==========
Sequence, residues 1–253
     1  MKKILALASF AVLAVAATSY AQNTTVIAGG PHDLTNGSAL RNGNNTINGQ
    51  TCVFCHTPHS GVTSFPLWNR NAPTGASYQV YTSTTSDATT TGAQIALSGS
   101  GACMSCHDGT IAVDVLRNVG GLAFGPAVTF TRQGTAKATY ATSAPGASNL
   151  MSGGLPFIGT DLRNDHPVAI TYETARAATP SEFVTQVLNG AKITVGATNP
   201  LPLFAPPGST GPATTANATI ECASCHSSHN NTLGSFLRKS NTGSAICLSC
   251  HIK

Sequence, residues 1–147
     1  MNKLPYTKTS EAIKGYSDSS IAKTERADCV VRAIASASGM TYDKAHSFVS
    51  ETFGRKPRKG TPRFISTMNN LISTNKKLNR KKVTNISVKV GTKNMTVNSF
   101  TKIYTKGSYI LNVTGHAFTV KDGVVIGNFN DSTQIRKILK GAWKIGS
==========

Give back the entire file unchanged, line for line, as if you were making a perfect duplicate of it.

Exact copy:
Sequence, residues 1–253
     1  MKKILALASF AVLAVAATSY AQNTTVIAGG PHDLTNGSAL RNGNNTINGQ
    51  TCVFCHTPHS GVTSFPLWNR NAPTGASYQV YTSTTSDATT TGAQIALSGS
   101  GACMSCHDGT IAVDVLRNVG GLAFGPAVTF TRQGTAKATY ATSAPGASNL
   151  MSGGLPFIGT DLRNDHPVAI TYETARAATP SEFVTQVLNG AKITVGATNP
   201  LPLFAPPGST GPATTANATI ECASCHSSHN NTLGSFLRKS NTGSAICLSC
   251  HIK

Sequence, residues 1–147
     1  MNKLPYTKTS EAIKGYSDSS IAKTERADCV VRAIASASGM TYDKAHSFVS
    51  ETFGRKPRKG TPRFISTMNN LISTNKKLNR KKVTNISVKV GTKNMTVNSF
   101  TKIYTKGSYI LNVTGHAFTV KDGVVIGNFN DSTQIRKILK GAWKIGS